One Drop today announced positive results from a trial of its digital health platform for people with type 2 diabetes.
Employees using the One Drop digital diabetes management platform experienced significant productivity and functioning gains and were less likely to experience presenteeism at follow-up compared to control groups.
One Drop’s platform uses AI to provide direct support through eight-hour glucose forecasts with better than 90% accuracy and immediate insights delivered to users. The company said this feature simplifies healthy decision-making by connecting everyday behaviors with outcomes and offering ongoing guidance to complement the support members receive from healthcare providers.
The One Drop platform combines connected medical devices, an AI-powered mobile app (iOS and Android, available in 11 languages), and one-on-one coaching with certified diabetes care and education specialists to enable people with chronic conditions to manage their health.
Results from New York-based One Drop’s randomized controlled trial were published in the Journal of Occupational Environmental Medicine, according to a news release.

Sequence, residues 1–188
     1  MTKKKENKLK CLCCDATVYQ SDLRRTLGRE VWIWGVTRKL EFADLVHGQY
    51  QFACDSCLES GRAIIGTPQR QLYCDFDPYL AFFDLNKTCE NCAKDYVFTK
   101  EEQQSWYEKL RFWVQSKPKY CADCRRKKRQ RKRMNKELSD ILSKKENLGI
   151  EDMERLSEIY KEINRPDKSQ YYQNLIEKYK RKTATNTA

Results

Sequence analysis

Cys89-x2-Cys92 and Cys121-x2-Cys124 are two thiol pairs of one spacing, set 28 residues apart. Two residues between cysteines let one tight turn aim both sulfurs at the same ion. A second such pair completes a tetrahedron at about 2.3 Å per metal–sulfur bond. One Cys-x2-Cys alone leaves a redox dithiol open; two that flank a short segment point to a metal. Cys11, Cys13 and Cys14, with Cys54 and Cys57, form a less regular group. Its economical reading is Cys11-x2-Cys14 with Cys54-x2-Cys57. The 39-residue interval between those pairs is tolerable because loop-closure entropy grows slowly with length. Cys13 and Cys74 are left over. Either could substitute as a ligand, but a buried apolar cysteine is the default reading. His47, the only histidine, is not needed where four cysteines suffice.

The study demonstrated that One Drop is an “economical solution yielding substantial benefits for adults with type 2 diabetes,” the company said. Employees aged 50 and older using One Drop saved 8% of their time at work and 17% of on-the-job productivity, equating to $422 and $12,733 in average worker savings per year, respectively.
One Drop said the latest clinical trial results suggest that the platform may enable better day-to-day functioning for people managing their diabetes. The company cited possible reasons for this, including the reduction of treatment-related burnout, removal of health-related stress or distractions, and increased concentration and energy.
“A healthy and productive workforce is critical for economic success and population health. Leaders who recognize this vital connection are investing in technology, like One Drop, that helps people function better day-to-day at work—where the average employee spends a third of their life,” said Jeff Dachis, CEO and founder of One Drop. “When combined with established clinical, psychological, and behavioral outcomes, productivity gains paint a complete picture of how our predictive health platform positively impacts all aspects of someone’s life—at home, at work, and beyond.”
The company said it is also developing a minimally invasive health sensor with continuous glucose monitoring (CGM) capabilities to offer greater flexibility and insights for people with diabetes. Should it garner regulatory approval, One Drop said it will integrate the proprietary sensor with its existing digital offering to augment outcomes and cost savings for those with diabetes and other chronic conditions.